Yes. Web service and database consumer endpoints on this application also support implementation.

Office

Windows application

Defines a Microsoft Windows application and supports console application, Windows application, and Windows service templates.

  • Generic provider and consumer endpoints.

  • Database consumer endpoints.

  • Web service consumer endpoints.

  • Web content consumer endpoints.

Yes. Web service endpoints and database consumer endpoints on this application also support implementation.

Windows

The following table summarizes the predefined application prototypes available in the Toolbox, the application type created, default endpoints on those prototypes, and the default project template and language. You can also add prototypes by creating them from applications already configured on the application diagram, by installing the necessary prototype files produced by the SDM SDK, or by installing third-party packages that define new application types. For more information, see Creating and Adding Custom Prototypes to the Toolbox and Adding and Extending Application Types.

Application prototype

Application type created

Default endpoints

Default project template

Default language

ASP.NETWebApplication

ASP.NET Web application

Web content provider endpoint

ASP.NET Web Site

Visual Basic

ASP.NETWebService

ASP.NET Web application

.NET Web Service provider endpoint

Empty Web Site

Visual Basic

ExternalDatabase

External database

Database provider endpoint

Not applicable

Not applicable

BizTalkWebService

External BizTalk Web service

Web service provider endpoint

Not applicable

Not applicable

ExternalWebService

External Web service

Web service provider endpoint

Not applicable

Not applicable

GenericApplication

Generic application

None

Not applicable

Not applicable

OfficeApplication

Office application

None

Excel Workbook

Visual Basic

WindowsApplication

Windows application

None

Windows Application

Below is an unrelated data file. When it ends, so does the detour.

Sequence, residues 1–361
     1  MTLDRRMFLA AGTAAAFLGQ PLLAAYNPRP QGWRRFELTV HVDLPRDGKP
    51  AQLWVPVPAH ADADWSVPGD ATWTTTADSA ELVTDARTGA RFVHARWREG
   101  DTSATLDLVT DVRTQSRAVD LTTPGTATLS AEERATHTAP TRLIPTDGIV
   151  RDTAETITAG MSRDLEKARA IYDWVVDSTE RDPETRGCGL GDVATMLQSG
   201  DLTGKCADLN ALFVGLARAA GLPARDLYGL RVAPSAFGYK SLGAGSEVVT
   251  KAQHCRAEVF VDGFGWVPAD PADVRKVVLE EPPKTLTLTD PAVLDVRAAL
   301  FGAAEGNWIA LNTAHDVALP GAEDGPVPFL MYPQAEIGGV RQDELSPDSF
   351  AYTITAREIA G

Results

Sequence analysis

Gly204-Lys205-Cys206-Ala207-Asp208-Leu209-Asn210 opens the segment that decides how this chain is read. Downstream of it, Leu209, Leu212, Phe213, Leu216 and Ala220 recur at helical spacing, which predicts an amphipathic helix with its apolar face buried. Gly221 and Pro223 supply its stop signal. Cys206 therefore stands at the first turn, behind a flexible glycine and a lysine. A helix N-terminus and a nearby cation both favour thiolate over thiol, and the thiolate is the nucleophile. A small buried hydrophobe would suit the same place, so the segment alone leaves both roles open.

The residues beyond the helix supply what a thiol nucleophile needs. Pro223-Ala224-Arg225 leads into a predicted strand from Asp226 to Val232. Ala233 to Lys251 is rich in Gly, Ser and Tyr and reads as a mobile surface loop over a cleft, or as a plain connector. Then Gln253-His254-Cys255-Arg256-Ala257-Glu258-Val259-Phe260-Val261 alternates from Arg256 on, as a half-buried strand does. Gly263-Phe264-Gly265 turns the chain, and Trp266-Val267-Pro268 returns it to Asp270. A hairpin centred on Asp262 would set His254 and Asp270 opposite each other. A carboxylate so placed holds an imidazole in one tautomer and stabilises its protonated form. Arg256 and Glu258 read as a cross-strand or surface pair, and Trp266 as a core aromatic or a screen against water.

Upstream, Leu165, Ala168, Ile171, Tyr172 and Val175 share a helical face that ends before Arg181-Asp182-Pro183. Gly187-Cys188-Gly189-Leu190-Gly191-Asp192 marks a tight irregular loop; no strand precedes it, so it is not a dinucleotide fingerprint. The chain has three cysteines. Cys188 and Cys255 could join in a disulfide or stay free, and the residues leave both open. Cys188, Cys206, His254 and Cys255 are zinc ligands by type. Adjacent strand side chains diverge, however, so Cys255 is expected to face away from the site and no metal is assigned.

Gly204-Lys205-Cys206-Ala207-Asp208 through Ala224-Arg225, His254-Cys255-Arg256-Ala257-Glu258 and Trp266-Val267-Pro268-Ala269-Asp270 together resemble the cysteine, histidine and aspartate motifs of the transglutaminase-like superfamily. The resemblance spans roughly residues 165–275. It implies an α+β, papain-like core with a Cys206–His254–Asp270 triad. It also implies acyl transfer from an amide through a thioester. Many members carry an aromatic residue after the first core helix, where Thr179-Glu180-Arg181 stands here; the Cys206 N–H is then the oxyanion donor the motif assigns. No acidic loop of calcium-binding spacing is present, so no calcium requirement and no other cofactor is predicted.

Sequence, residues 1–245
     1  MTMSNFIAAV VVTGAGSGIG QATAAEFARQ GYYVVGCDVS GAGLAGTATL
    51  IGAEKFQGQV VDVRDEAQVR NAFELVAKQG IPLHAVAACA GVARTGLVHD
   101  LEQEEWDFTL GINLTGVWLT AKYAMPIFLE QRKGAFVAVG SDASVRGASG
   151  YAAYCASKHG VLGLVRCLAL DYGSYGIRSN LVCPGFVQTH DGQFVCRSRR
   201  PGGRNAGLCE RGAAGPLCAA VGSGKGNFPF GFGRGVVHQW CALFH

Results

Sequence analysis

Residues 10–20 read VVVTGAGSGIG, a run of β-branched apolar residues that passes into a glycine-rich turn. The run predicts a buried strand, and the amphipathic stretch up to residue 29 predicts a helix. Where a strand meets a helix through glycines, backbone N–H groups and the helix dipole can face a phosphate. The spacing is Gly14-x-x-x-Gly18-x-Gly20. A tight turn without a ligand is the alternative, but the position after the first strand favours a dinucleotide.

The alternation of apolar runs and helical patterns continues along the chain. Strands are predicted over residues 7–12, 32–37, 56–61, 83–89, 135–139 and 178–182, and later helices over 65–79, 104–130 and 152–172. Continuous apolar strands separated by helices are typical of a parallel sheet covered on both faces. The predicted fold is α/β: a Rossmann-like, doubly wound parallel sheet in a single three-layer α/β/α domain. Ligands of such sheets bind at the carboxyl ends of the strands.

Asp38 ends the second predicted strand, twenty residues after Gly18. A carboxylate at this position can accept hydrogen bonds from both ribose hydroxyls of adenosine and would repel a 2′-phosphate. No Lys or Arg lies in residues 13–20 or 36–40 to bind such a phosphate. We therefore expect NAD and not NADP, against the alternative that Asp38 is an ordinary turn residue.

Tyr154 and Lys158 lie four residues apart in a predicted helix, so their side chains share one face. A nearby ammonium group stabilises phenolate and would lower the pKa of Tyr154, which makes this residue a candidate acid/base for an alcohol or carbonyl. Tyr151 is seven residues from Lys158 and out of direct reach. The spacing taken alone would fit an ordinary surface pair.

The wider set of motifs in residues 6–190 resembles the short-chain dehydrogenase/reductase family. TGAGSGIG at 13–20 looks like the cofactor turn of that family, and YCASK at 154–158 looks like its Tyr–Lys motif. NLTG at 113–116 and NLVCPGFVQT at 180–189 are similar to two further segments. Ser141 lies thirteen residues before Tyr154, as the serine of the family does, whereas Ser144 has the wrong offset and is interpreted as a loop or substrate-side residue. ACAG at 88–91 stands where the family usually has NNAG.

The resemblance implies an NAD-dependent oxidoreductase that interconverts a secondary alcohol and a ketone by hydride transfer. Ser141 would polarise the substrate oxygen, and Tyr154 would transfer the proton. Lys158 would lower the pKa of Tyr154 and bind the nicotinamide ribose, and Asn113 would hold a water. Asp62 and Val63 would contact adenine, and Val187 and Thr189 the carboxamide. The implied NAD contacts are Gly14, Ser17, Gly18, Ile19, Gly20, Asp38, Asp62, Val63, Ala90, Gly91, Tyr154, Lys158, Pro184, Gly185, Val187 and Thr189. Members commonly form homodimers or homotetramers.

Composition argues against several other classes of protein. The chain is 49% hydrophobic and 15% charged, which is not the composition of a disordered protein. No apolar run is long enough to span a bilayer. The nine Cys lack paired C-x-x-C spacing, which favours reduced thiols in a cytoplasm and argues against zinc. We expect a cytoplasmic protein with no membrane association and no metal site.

Visual Basic

For more information, see the following topics:

You can add ASP.NET applications that expose Web content, .asmx file-based Web services, or both to the application diagram by using the ASP.NETWebApplication or ASP.NETWebService prototypes, respectively. Both these prototypes create ASP.NET Web applications. However, the ASP.NETWebService prototype creates an application with a default .NET Web Service provider endpoint, while the ASP.NET WebApplication prototype creates an application with a default Web content provider endpoint. You can add Web service or Web content endpoints to an ASP.NET Web application once it's created, regardless of the initial prototype used. You can also define operations for each Web service provider endpoint on an ASP.NET Web application. Operations correspond to Web methods in the underlying Web service class. ASP.NET Web applications support implementation in your solution. For more information, see Overview of ASP.NET Applications on Application Diagrams.

Support for ASP.NET Development Server Web Projects

Distributed System Designers support ASP.NET applications running on ASP.NET Development Server as well as Internet Information Services (IIS). By default, ASP.NET applications are ASP.NET Development Server Web projects (file system-based) as opposed to IIS Web projects (HTTP-based).

NoteNote:

For solutions checked into source code control, checking out an application diagram assigns new ports to Web services on ASP.NET applications, if those applications are implemented as file system-based and are connected to implemented consumer applications. This action requires updating the Web service references associated with those consumer applications and requires checking out the associated consumer application projects. However, you can avoid this situation by specifying that those projects do not use dynamic ports.